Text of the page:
As an amateur entomologist, I jumped at the chance in mid-April to visit Wellesley’s Nichole Bernier and Tom Ahern in welcoming 20,000 honeybees to their hives.
Bernier’s the bee school veteran, Norfolk County Beekeepers Association member, and chief beekeeper in the family. She’s also now mentor to Wellesley’s Kara Sullivan, who was on hand as she readied for her own first hives. Bernier isn’t quite sure how many beekeepers are operating in town, but knows of at least a handful of new ones this year doing their part to increase bee colonies in the area threatened by pesticides, parasites, and more.
I donned a bee suit for the first time upon my arrival, checking off a bucket list item in the process. Then I joined the small crew of people and dogs on hand for the transfer of two cases of bees and their queens (marked with white dots on their thorax) who had arrived from Georgia by way of Lincoln, R.I. Sugar water kept them satisfied during the trip, which has rewarded them with access to the springtime flowers and plants now blossoming across town. Bernier’s bright yellow wooden hives and and friendly bee signage made for a warm welcome, too.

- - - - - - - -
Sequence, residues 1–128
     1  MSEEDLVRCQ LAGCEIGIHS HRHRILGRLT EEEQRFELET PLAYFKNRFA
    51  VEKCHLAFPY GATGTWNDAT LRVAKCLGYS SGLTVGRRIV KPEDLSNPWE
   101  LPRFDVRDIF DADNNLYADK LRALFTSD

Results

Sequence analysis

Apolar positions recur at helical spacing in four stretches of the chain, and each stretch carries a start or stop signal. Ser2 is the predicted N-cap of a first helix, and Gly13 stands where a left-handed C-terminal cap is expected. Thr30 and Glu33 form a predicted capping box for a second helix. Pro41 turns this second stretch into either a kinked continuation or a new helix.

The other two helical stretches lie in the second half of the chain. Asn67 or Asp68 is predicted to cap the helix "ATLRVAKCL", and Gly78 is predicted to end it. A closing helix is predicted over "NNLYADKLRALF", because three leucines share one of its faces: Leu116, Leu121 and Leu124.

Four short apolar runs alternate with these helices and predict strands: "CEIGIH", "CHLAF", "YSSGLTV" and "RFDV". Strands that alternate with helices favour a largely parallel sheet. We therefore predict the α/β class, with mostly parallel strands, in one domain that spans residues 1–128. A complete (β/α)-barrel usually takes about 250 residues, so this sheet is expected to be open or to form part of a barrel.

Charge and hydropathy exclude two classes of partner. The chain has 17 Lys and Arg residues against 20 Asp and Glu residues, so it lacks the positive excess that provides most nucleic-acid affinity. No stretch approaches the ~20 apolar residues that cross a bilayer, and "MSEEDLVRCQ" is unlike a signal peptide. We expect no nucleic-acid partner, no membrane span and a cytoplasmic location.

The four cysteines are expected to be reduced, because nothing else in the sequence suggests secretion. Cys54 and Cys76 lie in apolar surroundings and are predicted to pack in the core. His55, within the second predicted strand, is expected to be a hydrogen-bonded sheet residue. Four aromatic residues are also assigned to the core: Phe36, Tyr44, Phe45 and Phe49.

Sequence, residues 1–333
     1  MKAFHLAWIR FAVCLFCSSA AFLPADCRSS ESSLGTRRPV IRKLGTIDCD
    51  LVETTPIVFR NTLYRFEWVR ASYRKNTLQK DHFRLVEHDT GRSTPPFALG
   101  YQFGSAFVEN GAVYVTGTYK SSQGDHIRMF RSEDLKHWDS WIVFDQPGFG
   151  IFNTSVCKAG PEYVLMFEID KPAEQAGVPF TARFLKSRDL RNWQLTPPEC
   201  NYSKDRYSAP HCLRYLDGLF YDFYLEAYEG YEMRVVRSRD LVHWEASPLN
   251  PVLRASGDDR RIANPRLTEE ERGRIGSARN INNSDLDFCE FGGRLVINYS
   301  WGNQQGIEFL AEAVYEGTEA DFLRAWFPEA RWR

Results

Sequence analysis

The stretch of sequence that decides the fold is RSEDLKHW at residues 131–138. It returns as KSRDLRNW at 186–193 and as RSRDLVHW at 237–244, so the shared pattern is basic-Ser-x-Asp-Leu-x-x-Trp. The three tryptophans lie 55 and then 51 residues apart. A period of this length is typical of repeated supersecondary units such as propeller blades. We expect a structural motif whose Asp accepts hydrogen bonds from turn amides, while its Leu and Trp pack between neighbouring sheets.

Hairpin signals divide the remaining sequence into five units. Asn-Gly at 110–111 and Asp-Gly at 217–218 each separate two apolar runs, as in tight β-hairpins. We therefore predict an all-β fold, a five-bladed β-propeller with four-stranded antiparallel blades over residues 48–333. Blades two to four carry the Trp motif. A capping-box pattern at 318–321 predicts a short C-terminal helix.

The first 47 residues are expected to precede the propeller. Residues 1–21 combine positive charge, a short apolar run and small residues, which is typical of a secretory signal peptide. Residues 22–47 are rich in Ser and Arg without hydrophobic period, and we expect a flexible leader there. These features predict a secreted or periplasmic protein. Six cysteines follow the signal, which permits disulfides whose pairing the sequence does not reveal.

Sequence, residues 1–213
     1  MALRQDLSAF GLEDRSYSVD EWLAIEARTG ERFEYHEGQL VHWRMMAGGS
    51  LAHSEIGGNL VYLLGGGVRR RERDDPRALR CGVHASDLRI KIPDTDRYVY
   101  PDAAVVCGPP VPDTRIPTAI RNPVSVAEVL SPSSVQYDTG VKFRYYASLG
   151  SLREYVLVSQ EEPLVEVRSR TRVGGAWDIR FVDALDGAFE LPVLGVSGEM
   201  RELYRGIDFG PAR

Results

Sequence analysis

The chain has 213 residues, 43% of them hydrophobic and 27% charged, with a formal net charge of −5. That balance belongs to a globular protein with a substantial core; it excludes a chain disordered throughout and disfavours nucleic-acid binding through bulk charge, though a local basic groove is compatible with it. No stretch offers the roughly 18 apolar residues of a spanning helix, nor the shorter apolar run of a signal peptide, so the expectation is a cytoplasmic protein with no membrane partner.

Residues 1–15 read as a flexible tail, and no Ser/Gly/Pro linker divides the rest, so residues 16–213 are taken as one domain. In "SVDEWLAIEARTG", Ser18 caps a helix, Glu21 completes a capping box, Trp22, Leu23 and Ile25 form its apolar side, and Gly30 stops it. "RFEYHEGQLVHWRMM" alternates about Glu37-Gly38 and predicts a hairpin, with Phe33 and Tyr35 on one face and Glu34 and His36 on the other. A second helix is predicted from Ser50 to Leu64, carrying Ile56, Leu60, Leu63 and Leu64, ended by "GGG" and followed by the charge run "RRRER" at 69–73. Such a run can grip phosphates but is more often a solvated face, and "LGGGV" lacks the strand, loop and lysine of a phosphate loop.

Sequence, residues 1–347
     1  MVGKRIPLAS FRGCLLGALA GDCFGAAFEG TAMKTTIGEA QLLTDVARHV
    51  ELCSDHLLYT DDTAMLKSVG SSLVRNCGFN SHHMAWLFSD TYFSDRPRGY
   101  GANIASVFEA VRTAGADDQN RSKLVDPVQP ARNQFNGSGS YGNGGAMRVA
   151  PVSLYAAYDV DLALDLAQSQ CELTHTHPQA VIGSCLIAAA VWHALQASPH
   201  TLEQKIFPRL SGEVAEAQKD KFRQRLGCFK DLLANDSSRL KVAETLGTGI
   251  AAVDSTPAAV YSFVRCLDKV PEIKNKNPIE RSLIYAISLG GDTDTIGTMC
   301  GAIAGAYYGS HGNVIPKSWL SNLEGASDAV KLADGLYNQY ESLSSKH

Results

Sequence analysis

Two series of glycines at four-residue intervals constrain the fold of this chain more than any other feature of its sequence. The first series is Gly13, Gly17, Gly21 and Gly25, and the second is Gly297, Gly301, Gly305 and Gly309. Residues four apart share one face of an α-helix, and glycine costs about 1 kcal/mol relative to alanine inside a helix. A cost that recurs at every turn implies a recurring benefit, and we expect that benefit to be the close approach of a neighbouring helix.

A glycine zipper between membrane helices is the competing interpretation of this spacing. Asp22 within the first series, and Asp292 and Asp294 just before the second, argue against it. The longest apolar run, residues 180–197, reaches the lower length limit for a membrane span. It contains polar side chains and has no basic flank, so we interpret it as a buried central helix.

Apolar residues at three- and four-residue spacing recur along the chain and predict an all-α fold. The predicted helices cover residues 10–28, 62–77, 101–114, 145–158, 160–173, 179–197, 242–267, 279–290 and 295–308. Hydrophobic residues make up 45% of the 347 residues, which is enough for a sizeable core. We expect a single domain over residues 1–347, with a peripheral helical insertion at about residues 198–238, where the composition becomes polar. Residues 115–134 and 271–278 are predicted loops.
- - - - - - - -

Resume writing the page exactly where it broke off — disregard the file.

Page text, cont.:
Anticipating that I might be challenged to operate my camera and iPhone while wearing protective gloves, never mind trying to scribble down quotes and facts, I didn’t even bother with a notebook. I sent Nichole a handful of questions before I arrived, and her answers are below. As a journalist herself, she made my job easy.
That left me to taste honey, let bees crawl on my masked face, and soak in the captivating hive sound.
What inspired you to get into beekeeping?
When I worked at a magazine in New York, one of our star contributing writers would tell me about beekeeping on top of his brownstone down in the Village. I thought it was incredibly cool that such a thing was possible on a city rooftop above the traffic, not even in the grass. Since then I’ve learned you can keep bees just about anywhere, and they fly 3 miles in any direction for foraging and water. I’ve always been into wildlife rescue and rehab and fostering and backyard chickens, and I guess the more I heard about bees over the years the more it lodged in the back of my mind and the more possible it seemed.
How long have you been keeping bees?